The Value of Grade #52

Perspectives

By Jason Pelz, Vice President of Recycling Projects, Carton Council

In 2011, the Paper Stock Industry (PSI) granted a new commodity grade, #52, for aseptic and gable-top cartons. This status is only granted when industry demand and commodity value justifies it, which is the case with cartons. And because of this, recovered cartons can have a higher value in end markets than cartons that are sorted and included with mixed paper. 

Grade #52 reiterates that cartons are highly recyclable, a commodity that has value in end markets. It is for this reason that the Carton Council strongly recommends a “positive sort” when it comes to cartons. By being sorted and baled as a separate commodity grade at MRFs, both communities and facilities can maximize the highest value for cartons in end markets, while contributing to the steady market demand for cartons. 

Brokers traditionally sell cartons to paper mills and recycling companies in North America and around the world for manufacturing of new products. Since 2009, the Carton Council has aggressively worked to develop domestic market capacity for cartons while also respecting the powerful export pull that is already in place for both positive-sort cartons as well as cartons sorted as part of mixed paper. While the Carton Council advocates for sole separating cartons to maximize their value and grow the volumes, cartons that aren’t separated typically end up with mixed paper where they can also be recycled.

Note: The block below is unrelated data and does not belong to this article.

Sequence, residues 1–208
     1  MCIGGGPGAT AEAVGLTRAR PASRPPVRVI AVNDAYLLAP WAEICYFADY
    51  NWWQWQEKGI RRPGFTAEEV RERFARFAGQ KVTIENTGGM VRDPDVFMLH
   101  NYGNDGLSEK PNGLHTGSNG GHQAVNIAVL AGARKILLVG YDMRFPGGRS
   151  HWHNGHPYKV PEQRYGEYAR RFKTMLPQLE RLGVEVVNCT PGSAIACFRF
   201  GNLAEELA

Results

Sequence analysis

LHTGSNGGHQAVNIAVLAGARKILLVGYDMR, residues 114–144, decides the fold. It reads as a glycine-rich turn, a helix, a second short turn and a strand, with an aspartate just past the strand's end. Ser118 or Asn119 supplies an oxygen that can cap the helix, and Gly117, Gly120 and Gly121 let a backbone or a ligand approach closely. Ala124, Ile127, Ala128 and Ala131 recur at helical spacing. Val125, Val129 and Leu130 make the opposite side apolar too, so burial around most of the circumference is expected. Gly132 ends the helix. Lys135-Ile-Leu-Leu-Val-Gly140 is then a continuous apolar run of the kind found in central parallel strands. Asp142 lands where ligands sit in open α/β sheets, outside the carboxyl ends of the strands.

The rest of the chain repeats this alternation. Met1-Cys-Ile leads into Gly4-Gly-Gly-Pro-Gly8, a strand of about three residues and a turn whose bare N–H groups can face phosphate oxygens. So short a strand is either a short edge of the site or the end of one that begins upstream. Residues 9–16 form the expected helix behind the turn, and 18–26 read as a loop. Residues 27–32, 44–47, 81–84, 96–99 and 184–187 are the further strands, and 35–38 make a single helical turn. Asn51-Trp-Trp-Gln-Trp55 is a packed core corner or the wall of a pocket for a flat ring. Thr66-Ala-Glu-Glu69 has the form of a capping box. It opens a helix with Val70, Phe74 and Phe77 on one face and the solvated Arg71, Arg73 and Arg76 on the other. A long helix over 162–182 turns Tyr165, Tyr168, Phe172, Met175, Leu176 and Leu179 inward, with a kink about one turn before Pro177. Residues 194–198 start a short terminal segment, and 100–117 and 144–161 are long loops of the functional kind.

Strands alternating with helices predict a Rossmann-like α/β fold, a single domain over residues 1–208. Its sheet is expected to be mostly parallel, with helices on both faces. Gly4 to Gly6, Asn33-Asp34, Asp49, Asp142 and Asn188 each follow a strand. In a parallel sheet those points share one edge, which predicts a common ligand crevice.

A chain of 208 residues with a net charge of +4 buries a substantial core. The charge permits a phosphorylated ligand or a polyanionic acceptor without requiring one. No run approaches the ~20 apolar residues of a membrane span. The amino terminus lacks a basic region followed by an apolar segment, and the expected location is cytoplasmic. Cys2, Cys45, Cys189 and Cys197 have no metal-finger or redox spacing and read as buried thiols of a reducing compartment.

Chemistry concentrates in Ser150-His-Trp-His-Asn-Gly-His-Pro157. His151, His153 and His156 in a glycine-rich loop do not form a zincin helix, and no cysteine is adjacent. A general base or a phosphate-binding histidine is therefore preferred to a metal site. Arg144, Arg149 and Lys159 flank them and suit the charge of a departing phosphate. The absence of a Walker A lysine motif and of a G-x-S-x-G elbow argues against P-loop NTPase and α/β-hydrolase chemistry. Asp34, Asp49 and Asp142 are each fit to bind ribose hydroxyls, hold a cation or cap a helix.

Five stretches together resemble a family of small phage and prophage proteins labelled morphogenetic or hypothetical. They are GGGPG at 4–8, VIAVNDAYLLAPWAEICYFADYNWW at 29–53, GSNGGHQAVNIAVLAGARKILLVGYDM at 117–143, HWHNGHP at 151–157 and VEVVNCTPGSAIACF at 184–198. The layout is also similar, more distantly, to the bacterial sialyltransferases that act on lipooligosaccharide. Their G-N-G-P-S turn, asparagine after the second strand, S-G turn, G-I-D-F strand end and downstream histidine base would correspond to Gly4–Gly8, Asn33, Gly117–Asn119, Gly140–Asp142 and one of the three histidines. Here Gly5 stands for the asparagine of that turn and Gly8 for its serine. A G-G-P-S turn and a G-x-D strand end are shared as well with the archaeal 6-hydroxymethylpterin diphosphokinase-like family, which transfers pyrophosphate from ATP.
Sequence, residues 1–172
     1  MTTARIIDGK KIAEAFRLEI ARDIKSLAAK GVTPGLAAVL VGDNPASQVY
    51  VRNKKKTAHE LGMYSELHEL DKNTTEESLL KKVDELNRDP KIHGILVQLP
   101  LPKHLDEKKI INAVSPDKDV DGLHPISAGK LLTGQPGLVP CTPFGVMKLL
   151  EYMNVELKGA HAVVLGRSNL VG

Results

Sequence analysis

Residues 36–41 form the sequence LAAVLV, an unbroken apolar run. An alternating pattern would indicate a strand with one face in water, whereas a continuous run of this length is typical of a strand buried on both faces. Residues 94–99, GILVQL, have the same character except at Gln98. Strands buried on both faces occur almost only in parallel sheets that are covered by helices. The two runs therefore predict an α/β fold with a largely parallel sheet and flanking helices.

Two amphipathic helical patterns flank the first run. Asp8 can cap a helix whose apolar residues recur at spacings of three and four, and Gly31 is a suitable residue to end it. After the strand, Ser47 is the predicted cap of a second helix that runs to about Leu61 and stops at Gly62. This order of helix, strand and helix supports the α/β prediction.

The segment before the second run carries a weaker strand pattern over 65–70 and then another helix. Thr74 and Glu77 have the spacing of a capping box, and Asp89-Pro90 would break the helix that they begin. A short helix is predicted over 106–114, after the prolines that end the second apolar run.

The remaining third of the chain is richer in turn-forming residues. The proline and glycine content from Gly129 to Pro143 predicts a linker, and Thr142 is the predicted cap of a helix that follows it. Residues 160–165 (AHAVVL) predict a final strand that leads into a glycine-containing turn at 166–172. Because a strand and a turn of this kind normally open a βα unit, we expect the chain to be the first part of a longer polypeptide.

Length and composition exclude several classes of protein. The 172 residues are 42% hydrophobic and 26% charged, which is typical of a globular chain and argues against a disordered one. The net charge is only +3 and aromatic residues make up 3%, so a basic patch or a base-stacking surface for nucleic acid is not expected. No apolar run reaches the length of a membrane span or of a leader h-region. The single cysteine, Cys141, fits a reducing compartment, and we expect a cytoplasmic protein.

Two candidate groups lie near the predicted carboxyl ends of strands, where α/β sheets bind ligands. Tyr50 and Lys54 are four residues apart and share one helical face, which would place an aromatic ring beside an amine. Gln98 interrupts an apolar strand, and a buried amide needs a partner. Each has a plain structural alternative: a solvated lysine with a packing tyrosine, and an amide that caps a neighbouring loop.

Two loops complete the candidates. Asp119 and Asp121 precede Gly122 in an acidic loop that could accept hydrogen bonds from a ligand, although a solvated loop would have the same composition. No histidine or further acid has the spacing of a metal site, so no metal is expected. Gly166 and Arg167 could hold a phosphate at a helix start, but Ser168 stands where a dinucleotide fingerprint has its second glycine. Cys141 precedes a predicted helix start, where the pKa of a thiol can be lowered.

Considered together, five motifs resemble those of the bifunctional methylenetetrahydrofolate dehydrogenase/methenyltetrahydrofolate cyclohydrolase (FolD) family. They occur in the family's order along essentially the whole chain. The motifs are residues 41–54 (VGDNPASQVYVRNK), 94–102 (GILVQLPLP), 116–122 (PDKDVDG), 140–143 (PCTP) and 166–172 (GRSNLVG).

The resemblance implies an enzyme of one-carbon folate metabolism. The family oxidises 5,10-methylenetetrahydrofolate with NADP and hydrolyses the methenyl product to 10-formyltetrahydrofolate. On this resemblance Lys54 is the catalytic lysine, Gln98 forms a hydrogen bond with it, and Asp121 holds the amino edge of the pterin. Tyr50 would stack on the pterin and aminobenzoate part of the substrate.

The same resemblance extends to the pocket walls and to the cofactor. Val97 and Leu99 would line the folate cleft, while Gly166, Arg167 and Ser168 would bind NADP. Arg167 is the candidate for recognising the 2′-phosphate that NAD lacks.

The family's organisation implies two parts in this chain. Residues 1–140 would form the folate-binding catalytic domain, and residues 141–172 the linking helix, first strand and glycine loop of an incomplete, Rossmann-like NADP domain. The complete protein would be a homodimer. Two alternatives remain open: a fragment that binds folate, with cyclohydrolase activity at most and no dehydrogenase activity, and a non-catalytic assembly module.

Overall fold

Currently, there are four paper mills that process cartons in the US and 10 total in North America.
 
Growing end market solutions for Grade #52 is only possible if a sufficient quantity of these positive-sort cartons is generated to meet growing demand. This is the principal reason the Carton Council has been strongly focused on growing household access. We understand that access is the underlying foundation to carton recycling. And along with the proper infrastructure and consumer education, it drives carton recycling, which is the Carton Council’s end goal.